It was pretty organic. The first few people we hired were from our customer support forum. They were people who already used 1Password and loved it enough to help us make it better and help other people who were struggling with aspects of it. From there, the team continued to grow remotely by word of mouth for a while, until we started posting jobs more officially in 2017.
Absolutely, but it takes a little more work and doesn’t happen as organically as it would in an office. We have a #water-cooler channel in Slack for people to connect with each other on a more personal basis, whether they’re talking about a new book they’re reading, movie they loved, family event they have planned, or travels they’re excited about.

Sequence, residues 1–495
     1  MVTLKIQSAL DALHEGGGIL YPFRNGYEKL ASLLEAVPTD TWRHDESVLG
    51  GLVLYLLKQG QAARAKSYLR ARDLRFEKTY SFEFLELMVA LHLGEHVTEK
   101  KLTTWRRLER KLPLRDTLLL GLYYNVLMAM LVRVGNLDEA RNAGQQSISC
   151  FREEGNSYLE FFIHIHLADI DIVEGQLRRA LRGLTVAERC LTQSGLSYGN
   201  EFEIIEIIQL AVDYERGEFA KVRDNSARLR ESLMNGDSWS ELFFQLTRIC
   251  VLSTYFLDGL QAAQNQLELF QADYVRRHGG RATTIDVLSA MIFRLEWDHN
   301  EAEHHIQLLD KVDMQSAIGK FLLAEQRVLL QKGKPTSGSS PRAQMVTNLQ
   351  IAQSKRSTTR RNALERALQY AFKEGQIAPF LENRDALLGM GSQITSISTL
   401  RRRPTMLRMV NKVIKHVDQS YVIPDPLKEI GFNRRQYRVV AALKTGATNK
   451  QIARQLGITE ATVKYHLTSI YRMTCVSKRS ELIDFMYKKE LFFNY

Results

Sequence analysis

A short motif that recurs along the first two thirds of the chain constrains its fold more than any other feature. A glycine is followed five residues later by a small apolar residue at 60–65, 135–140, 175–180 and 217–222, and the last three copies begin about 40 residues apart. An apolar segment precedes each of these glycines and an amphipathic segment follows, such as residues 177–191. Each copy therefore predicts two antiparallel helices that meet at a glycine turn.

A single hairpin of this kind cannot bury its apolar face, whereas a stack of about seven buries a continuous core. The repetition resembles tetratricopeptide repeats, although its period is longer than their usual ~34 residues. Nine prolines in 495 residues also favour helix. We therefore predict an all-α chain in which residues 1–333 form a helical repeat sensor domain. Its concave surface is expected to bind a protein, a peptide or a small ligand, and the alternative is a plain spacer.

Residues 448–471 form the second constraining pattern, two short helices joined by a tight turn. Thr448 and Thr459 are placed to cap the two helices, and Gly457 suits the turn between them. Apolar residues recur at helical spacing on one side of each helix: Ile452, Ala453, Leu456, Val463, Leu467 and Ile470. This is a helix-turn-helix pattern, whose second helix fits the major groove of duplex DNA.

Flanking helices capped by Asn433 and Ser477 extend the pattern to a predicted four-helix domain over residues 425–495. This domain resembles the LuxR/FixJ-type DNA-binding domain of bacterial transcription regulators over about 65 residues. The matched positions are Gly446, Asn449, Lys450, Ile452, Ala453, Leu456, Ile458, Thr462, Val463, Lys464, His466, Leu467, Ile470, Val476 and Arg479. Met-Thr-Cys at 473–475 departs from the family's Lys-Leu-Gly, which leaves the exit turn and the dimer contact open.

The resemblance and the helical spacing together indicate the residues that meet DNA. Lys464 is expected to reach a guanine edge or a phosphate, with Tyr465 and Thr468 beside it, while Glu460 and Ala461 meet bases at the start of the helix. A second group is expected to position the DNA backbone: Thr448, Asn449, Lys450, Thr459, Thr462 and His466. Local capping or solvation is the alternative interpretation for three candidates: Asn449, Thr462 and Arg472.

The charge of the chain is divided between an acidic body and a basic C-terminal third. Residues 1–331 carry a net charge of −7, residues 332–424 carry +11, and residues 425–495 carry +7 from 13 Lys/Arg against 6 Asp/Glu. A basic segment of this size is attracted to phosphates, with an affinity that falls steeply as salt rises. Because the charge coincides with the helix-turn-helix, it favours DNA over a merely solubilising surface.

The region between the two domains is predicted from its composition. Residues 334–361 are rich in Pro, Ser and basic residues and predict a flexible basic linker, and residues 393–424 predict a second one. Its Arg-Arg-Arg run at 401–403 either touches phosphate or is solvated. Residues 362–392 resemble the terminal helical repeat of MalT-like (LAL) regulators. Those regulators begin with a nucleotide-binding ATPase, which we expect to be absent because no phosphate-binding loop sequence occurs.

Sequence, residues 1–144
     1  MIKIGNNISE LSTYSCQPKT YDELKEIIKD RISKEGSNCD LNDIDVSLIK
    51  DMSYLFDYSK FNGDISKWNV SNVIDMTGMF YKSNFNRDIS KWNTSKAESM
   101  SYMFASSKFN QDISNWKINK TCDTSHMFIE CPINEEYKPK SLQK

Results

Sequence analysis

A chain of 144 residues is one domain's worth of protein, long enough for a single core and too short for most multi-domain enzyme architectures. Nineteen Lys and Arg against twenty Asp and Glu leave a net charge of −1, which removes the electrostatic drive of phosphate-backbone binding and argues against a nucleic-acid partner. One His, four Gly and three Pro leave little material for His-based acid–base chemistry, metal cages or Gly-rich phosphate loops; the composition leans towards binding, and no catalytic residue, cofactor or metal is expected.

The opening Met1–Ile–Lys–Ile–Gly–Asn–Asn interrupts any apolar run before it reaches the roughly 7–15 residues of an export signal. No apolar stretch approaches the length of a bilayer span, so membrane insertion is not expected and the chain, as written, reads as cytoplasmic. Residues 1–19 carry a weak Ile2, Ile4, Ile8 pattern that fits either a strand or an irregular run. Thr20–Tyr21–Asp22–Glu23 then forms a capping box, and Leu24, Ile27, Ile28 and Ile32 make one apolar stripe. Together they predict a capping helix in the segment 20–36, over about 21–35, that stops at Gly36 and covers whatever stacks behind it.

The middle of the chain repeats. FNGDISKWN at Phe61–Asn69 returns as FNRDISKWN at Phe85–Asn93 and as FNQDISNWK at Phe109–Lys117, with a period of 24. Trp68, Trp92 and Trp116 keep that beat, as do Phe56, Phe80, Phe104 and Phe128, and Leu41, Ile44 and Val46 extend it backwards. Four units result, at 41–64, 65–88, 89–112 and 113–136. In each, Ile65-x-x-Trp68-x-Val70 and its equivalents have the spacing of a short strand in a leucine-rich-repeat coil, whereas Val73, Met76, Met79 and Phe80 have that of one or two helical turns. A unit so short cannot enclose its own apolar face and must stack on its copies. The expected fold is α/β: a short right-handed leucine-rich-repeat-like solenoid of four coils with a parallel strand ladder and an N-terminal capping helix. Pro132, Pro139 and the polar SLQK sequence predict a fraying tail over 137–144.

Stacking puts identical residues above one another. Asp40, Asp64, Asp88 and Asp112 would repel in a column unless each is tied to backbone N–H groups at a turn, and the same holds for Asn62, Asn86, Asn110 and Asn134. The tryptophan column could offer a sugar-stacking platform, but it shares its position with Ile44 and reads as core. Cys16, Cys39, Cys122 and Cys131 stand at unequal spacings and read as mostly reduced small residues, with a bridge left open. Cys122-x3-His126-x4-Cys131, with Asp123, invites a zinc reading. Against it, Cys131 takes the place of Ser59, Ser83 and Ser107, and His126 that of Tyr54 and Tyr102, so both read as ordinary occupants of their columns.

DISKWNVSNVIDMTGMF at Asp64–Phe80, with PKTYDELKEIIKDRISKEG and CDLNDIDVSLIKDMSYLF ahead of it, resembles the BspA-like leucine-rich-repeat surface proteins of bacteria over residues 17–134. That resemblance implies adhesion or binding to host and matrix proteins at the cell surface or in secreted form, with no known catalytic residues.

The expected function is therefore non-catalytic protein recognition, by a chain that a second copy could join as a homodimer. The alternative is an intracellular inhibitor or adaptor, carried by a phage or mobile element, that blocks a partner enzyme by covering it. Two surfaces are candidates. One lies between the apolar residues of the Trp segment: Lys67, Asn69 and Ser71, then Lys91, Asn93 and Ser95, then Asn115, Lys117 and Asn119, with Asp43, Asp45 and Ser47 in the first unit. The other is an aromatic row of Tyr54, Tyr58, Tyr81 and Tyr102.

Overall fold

We have separate channels for music, books, mental health, and even meditation. Intentionality is the key to this kind of stuff happening, and as stereotypical as the “self-starter” requirement in some job postings is, it’s really valuable to have in at least some people on your remote team.
We encourage people to bring their whole selves to their work. We have channels in Slack for people to share their love of games, literature, music, and craft projects. And when things do get hard, people on the team tend to be really compassionate about each other—sharing a particular struggle in your life won’t be met with silence, but rather support and likely someone else who feels similar. We work hard to keep things positive, too, limiting discussions that can spiral into negativity.
Communication is everything. If you aren’t able to collaborate and connect, you won’t be able to move forward. Companies considering remote work should encourage healthy work habits, not expect their team to get more done just because they aren’t in an office. Being remote means flexibility for personal appointments, which is great, but it can also lead to forgetting to take your personal time.